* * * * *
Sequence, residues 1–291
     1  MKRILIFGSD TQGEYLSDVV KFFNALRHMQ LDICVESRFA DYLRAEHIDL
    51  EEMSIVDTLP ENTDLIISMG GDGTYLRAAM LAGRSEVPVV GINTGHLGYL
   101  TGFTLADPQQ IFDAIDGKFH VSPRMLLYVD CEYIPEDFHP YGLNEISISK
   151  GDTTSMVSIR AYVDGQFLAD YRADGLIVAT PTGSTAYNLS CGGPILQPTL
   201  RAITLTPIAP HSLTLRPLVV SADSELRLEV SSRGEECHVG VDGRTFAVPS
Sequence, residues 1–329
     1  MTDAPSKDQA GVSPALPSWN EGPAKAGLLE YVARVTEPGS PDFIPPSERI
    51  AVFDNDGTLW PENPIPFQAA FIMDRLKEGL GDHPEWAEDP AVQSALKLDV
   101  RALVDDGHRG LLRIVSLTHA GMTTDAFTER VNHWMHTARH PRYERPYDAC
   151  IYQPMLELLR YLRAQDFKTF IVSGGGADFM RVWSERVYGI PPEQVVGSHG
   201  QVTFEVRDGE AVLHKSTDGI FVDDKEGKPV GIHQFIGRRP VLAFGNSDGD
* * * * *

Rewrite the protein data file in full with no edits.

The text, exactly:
Sequence, residues 1–291
     1  MKRILIFGSD TQGEYLSDVV KFFNALRHMQ LDICVESRFA DYLRAEHIDL
    51  EEMSIVDTLP ENTDLIISMG GDGTYLRAAM LAGRSEVPVV GINTGHLGYL
   101  TGFTLADPQQ IFDAIDGKFH VSPRMLLYVD CEYIPEDFHP YGLNEISISK
   151  GDTTSMVSIR AYVDGQFLAD YRADGLIVAT PTGSTAYNLS CGGPILQPTL
   201  RAITLTPIAP HSLTLRPLVV SADSELRLEV SSRGEECHVG VDGRTFAVPS
Sequence, residues 1–329
     1  MTDAPSKDQA GVSPALPSWN EGPAKAGLLE YVARVTEPGS PDFIPPSERI
    51  AVFDNDGTLW PENPIPFQAA FIMDRLKEGL GDHPEWAEDP AVQSALKLDV
   101  RALVDDGHRG LLRIVSLTHA GMTTDAFTER VNHWMHTARH PRYERPYDAC
   151  IYQPMLELLR YLRAQDFKTF IVSGGGADFM RVWSERVYGI PPEQVVGSHG
   201  QVTFEVRDGE AVLHKSTDGI FVDDKEGKPV GIHQFIGRRP VLAFGNSDGD